- The second object reference, r2, retains its value but changes what it refers to by calling the
appendmethod. (This is analogous to what was done with the pointer, p, in the previous C++ example.)
When execution returns to
main, the values of the three variables are printed again. The int
val is unchanged as expected. The object reference
sb1 is also unchanged. If
sb1 was passed by reference, as many people claim, it would be null. However, since the Java programming language passes all parameters by value, a copy of the reference for
sb1 is passed to the
modify method. When the
modify method set
r1 to null at //1, it was doing so on a copy of the
sb1 reference, not the original as was done in C++.
Also, note that the second object reference,
sb2, prints out the new string that was set in the
modify method. Even though the variable
r2 in the
modify method is a copy of the reference
sb2, they both refer to the same object. Therefore, methods called on the copied reference change the same object.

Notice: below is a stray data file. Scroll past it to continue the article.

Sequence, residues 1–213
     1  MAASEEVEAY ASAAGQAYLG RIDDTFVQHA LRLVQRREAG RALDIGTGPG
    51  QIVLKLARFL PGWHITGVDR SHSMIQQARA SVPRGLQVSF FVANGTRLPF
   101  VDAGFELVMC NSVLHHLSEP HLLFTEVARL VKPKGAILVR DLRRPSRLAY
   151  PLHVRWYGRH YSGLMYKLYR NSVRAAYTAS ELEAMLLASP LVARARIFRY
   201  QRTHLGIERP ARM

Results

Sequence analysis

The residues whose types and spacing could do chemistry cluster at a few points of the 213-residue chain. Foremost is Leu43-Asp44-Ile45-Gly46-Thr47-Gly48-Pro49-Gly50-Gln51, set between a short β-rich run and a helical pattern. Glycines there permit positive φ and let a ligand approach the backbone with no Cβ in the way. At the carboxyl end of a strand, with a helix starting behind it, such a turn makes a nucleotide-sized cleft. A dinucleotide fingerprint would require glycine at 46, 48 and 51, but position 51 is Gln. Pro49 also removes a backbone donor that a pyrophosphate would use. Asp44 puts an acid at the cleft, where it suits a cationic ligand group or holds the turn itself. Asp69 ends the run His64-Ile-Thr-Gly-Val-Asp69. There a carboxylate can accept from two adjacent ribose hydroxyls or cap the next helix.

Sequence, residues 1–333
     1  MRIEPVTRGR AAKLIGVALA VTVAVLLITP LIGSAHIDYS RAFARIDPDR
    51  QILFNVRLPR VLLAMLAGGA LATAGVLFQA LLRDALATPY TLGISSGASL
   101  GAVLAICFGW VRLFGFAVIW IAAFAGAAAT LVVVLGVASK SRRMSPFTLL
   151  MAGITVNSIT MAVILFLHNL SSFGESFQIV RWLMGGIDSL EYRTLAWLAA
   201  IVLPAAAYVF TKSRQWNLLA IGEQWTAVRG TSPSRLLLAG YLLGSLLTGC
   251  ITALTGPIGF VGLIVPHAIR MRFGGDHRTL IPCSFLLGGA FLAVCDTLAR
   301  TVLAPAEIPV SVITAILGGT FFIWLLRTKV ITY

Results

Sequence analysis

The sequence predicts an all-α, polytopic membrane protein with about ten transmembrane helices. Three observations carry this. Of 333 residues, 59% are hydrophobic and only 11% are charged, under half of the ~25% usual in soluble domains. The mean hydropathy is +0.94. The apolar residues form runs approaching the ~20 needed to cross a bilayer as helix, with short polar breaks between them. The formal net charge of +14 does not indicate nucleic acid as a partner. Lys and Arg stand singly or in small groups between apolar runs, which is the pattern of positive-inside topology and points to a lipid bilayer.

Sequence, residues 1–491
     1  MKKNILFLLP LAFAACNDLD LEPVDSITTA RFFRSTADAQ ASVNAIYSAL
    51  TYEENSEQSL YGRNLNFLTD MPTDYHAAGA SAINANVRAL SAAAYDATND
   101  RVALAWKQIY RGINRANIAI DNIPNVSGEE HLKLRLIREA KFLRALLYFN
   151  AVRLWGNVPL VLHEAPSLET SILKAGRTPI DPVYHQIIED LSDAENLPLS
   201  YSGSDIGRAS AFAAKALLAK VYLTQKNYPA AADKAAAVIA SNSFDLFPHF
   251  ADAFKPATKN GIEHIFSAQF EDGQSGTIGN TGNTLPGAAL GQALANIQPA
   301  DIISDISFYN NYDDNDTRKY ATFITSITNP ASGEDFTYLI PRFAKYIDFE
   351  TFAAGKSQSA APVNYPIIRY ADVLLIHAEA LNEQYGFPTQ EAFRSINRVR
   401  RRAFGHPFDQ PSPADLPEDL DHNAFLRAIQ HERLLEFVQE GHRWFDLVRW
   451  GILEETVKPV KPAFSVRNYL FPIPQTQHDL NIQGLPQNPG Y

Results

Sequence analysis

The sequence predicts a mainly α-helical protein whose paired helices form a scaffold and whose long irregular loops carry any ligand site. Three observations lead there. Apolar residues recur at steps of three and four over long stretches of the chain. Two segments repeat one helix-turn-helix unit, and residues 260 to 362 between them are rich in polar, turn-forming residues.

Writing a swap method
Given what we know about how parameters are passed, writing a swap function in C++ can be accomplished in different ways. A swap function using pointers, which are passed by value, looks like this:Listing 5: Swap function using pointers
A swap function using references, which are passed by reference, looks like this:
Both C++ code examples swap the values as expected. If Java applications used pass by reference, the following swap method would work like the C++ examples:
Because the Java application passes all parameters by value, this code does not work and produces the following output:
So how do you write a method in a Java application to swap the values of two primitive types or two object references? Because a Java application passes all parameters by value, you cannot. To swap the values, you must do so inline, outside of a method call.